80 x 80cm
Signed & numbered on the frame
We estimate that the earliest completion date for delivery will be three weeks from the date of purchase. Timing is dependent on COVID-19 restrictions and delays.
In his ‘Spitfires’ series, Brian Clarke reworks the iconic plane shapes into colourful patterns against dark backgrounds. First displayed at the 2015 exhibition ‘Spitfires and Primroses’ at Pace Gallery, London, Clarke’s ‘Spitfires’ transforms the plane from a hard, militaristic tool into a motif that resembles delicately illuminated butterflies.
The series design originated from Clarke’s interest in medieval heraldry, a system of coats and arms that has centuries‐old associations with stained glass. He reworks the heraldic repetition of geometric forms and recognisable shapes to suggest more intimate and emotional meanings of his spitfires.
Despite their close connection to their medium, ‘Spitfires’ began as a series of drawings and paintings. They were later translated into autonomous stained glass panels, which emphasise the effects of light and transparency. Each piece in this series combines various techniques and uses sheets of antique (or mouth‐blown) coloured glass. This multi‐media quality is reflected in most of Clarke’s oeuvre, particularly notable in his constant experimentations in the expressive potentials of glass.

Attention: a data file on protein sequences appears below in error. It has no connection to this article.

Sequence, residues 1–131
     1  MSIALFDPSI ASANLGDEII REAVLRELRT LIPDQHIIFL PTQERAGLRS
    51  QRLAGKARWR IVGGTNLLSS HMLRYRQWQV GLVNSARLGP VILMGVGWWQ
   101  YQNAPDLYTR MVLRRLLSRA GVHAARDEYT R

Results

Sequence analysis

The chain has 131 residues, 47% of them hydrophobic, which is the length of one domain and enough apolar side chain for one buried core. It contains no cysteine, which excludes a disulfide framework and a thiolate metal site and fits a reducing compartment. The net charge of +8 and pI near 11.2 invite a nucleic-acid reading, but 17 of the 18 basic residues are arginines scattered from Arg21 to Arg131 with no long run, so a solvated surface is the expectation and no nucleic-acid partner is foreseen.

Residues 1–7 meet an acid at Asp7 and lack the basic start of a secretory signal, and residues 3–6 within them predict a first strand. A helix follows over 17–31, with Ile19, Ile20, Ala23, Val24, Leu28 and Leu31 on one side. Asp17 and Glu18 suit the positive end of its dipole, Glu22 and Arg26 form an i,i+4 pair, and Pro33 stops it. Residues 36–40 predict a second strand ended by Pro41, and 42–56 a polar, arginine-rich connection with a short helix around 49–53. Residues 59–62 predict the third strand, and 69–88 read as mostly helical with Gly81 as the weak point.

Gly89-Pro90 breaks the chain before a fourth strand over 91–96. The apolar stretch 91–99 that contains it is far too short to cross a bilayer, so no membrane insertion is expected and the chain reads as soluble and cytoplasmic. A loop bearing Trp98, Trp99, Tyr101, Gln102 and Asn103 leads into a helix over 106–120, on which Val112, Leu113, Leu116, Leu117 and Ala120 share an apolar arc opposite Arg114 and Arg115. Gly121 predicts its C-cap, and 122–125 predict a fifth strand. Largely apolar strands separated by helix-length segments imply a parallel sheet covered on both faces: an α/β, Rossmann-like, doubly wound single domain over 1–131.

Spitfires are arguably the most iconic and quintessentially British aircrafts, associated with World War II and collective memories of a heroic but violent history. These haunting memories are brought to life through the stained glass medium. The spitfires interact with light, mitigating their sinister meaning and rendering their substance shadow‐like.
If the plane shape confers authority and purpose to these panels, repetition undoes meanings and interpretations, turning forms into ornaments freed from restrictions of narrative. Clarke frequently uses shades of colour to accentuate certain shapes, breaking the patterns of repetition and making his work more abstract. The transparent hues complement the matte background, playing with perception and imagination. Motion and stillness, up and down, shadow and shape merge into a powerful yet deceptive vision, which brings to life the ominous regiment of mechanical forms.